Monday, April 23, 2007

Statement to BESE on April 17, 2007

Statement to BESE on April 17, 2007

Ellen Tuzzolo

It is difficult to stand before you today, in the wake of yesterday’s tragedy in Virginia, to address the issue of security and law enforcement in our Recovery School District Schools. However, this event gives us even more reason to look hard at the facts about school violence and closely consider how we keep our children safe. We must remember that despite incidents in our elementary and secondary schools nationally, studies show that schools are still one of the safest places for children. While we mourn these events we cannot continue to follow policy that ignores the consequences of using poorly trained security and detail police officers in Louisiana’s Recovery School District.

In 1996, the Centers for Disease Control found that “there is a less than a one in a million chance of a school aged youth dying or committing suicide on school grounds or on the way to school.”[i] The year this was reported there were 5 more school-related violent deaths than there were in the 2004-2005 school year. The fact is that school related deaths are down in the past decade[ii]. In 2000 the Bi-Partisan Working Group on Youth Violence of the 106th Congress weighed in on this issue. They stated that, "There are many misconceptions about the prevalence of youth violence in our society... it is important to note that, statistically speaking, schools are among the safest places for children to be."[iii]

It is common to hear children blamed for the crime issue in New Orleans, despite this fact juvenile crime, post Katrina, is actually down by 87 percent.[iv] In the process of rebuilding the schools, this misconception of a juvenile crime wave, was the guiding force it seems behind creating school environments that mirror prisons. Again, juvenile crime is down, but we have created a situation in which children are being unfairly criminalized in places where they are supposed to be nurtured and educated.

Here is the story:

The Guidry Group, with no prior contracts to provide school security, was hired by the state to oversee and manage security in the Recovery School District. The Guidry Group subcontracted with Day and Zimmerman, another company who has never before provided school security. In a meeting with Guidry’s project manager, he explained that a pre-risk assessment was completed prior to the beginning of school in which they took into consideration, “the neighborhood and the amount of doors in the building.” This seems to be why Guidry decided to initially place over thirty security guards and 4-6 detail cops in some of our schools, at ratio of 1 security guard to every 37 students. To make things worse, many of these guards did not receive any specialized training in working with children in school environments.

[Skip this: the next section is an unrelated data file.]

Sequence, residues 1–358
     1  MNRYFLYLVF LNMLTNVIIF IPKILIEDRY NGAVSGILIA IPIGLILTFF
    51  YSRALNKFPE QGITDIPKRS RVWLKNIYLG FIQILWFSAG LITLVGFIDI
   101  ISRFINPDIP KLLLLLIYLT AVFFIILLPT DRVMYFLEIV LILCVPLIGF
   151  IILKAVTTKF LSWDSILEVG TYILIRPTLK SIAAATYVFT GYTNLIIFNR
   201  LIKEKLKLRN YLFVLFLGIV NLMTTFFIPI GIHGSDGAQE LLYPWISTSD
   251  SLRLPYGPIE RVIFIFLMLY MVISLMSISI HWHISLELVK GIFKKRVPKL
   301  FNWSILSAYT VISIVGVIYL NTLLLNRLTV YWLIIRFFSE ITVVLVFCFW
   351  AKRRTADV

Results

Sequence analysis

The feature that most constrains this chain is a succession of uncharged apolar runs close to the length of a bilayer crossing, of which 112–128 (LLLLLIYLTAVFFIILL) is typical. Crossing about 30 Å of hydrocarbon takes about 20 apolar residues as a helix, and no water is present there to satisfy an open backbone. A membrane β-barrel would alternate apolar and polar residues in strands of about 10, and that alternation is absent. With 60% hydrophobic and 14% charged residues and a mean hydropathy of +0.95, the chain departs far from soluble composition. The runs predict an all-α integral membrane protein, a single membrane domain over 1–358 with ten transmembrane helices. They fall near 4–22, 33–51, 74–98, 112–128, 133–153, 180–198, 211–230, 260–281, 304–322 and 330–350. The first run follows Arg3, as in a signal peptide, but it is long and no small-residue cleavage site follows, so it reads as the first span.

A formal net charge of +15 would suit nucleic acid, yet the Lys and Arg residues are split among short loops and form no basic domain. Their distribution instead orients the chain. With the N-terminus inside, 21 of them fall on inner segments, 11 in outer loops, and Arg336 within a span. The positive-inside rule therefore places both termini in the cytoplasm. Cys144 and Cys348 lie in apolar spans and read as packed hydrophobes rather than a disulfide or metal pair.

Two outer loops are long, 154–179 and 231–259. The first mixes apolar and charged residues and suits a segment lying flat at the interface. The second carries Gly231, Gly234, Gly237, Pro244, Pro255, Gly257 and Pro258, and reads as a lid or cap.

Since the DNIA recommendations and solutions were given to this board and to RSD, even more parents have come to us in crisis over incidents with employees of the Guidry Group:

One grandmother described an awful scene in which three of her granddaughters, all elementary aged, were handcuffed together while another one of her granddaughters were handcuffed to a bench. When an adult family member was called to school, the Guidry employee, a NOPD officer, told her to “beat them until I am tired. If you don’t they are going to jail.” The same grandmother reported that a security guard sat on another one of her granddaughters, an eleven-year-old, in his efforts to get her to follow directions. In both instances the guardian and the children were threatened with arrest.

Schools First staff received a report of a female student who was forced to remove her bra while being searched by school security. She then sat in the girls’ bathroom for more than 30 minutes waiting for her clothing to be returned to her.

Finally, one young lady described a scene in which she was arrested in the hallway while having a verbal argument with an administrator and was choked by a Guidry employee, an NOPD officer, while being pushed into a police vehicle and escorted to Orleans Parish Prison where she spent 3 days and two nights.

These incidents beg the question: why are there still so many poorly trained security guards and detail officers in our schools?

Ultimately, we believe that arrest records and experiences in handcuffs will never broaden opportunities for our children. We come here today to ask, what will be done to make sure our children are not victims of adults’ failures to create environments that provide for appropriate safety measures without criminalizing kids? There are local and national experts on these issues. When will they be engaged?


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